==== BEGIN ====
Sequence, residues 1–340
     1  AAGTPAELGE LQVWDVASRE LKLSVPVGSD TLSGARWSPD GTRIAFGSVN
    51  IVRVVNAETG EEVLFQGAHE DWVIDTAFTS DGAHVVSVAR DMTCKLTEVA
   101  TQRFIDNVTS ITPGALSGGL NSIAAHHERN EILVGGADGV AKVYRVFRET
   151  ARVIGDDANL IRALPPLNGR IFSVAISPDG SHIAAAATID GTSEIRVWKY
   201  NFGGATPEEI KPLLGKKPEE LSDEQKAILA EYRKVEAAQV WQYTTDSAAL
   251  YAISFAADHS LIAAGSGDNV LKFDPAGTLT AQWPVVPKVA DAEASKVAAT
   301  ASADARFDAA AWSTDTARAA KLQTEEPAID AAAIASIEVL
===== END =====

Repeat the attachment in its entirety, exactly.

Sequence, residues 1–340
     1  AAGTPAELGE LQVWDVASRE LKLSVPVGSD TLSGARWSPD GTRIAFGSVN
    51  IVRVVNAETG EEVLFQGAHE DWVIDTAFTS DGAHVVSVAR DMTCKLTEVA
   101  TQRFIDNVTS ITPGALSGGL NSIAAHHERN EILVGGADGV AKVYRVFRET
   151  ARVIGDDANL IRALPPLNGR IFSVAISPDG SHIAAAATID GTSEIRVWKY
   201  NFGGATPEEI KPLLGKKPEE LSDEQKAILA EYRKVEAAQV WQYTTDSAAL
   251  YAISFAADHS LIAAGSGDNV LKFDPAGTLT AQWPVVPKVA DAEASKVAAT
   301  ASADARFDAA AWSTDTARAA KLQTEEPAID AAAIASIEVL